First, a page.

How much do these nurses make and what can you do with it? I am also wondering why people go into it? When I first started nursing it seems like not much was required to be a nurse manager on a unit -- maybe just a BSN, but now things have changed and Master programs have become a minimum requirement in some hospitals - not to mention the program itself seems to be a bit lengthier then when I last looked at it. I am beginning to wonder if Master degrees are a dime a dozen.
Feb 10, '10
Good question. The trend is for requiring higher levels of education for many nursing positions -- particularly for anything in a advanced role or leadership role. The new Magnet criteria require a BSN for all department managers and Master's Degress (not necessarily in nursing) for CNO's. So, while I wouldn't say they are "a dime a dozen" yet, anyone interested in upward mobility is going to at least be thinking about getting a Master's.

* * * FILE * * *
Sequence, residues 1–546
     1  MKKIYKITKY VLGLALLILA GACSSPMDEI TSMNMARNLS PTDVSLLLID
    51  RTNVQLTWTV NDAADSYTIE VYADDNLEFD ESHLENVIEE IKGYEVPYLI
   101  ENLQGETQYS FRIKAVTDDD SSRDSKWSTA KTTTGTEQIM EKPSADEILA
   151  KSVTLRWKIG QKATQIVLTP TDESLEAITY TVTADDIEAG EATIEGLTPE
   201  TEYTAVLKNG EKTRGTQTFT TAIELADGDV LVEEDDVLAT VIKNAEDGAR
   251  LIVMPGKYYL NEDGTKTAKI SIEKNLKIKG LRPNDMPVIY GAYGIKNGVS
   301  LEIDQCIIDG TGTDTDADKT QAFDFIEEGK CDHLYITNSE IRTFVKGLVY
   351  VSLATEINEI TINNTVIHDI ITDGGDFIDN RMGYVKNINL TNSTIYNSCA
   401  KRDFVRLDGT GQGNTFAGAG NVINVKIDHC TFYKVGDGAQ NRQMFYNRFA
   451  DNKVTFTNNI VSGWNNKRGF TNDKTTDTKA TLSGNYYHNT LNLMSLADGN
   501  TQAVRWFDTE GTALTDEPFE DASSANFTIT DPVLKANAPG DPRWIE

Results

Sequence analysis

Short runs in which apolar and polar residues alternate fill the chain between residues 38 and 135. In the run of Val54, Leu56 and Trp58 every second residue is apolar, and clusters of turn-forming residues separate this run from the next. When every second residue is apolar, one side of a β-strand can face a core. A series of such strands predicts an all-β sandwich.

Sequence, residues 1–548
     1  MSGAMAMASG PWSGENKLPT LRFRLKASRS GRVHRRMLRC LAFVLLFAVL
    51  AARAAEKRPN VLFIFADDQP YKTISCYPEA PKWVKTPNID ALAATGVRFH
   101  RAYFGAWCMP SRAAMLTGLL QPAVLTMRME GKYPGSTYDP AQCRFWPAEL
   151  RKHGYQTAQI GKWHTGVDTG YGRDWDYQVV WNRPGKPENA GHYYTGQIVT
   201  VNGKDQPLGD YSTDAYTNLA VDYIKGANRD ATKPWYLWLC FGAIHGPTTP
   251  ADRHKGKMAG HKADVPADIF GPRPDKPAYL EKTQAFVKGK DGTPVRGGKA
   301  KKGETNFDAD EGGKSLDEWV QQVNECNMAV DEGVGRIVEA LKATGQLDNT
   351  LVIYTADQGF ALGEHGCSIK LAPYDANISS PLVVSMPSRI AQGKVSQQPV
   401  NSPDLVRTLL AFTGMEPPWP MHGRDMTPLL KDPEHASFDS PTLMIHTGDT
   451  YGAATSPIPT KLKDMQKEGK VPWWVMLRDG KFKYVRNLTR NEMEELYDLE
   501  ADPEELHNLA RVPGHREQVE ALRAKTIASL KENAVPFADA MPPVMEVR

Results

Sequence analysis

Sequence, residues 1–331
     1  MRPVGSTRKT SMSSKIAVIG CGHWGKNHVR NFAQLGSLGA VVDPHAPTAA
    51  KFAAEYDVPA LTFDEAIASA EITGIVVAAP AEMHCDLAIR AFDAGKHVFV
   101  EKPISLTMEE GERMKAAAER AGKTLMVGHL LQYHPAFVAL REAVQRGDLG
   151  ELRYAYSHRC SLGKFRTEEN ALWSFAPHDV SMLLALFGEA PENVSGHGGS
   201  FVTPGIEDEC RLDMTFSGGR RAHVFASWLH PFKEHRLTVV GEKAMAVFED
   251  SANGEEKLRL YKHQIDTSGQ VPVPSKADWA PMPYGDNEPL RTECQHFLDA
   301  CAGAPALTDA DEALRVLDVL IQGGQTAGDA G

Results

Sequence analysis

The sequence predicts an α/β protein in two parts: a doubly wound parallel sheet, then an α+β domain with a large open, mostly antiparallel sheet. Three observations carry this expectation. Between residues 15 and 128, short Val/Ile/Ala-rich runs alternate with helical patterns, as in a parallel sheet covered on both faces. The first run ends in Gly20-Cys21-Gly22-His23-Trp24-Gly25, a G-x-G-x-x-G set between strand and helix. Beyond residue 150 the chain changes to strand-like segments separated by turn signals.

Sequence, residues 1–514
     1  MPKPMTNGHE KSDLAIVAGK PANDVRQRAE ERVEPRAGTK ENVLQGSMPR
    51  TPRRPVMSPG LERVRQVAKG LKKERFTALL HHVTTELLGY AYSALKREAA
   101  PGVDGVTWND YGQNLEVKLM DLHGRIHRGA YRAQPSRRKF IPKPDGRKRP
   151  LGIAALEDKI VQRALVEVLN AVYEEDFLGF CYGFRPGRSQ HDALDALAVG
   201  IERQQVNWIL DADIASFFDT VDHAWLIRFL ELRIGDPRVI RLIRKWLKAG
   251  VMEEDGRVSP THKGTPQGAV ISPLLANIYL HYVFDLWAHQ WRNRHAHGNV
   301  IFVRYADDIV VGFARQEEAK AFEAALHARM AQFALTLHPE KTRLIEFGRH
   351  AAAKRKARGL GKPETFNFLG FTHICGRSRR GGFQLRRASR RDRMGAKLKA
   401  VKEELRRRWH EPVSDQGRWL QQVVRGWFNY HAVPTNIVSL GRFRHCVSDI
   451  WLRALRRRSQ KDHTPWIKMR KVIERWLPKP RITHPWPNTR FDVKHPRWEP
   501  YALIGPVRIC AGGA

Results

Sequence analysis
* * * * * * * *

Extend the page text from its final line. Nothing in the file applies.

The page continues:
The pay-off for graduate education is not always in dollars. Not all positions pay significantly more than a nurse can earn with a BSN by working off shifts, a few extra shifts, etc. The pay-off often comes in jobs that offer a little more autonomy, have slightly better working conditions, etc. (Note that I said "a little" and "slightly more". Life is not perfect in those advanced roles, either.
Feb 11, '10
llg: thanks for your post. does anyone else have any insights into this?
i guess i am wondering what most people's goals are that intend to go for this degree. is it to be a nurse manager of a nursing unit? how far can the degree take you?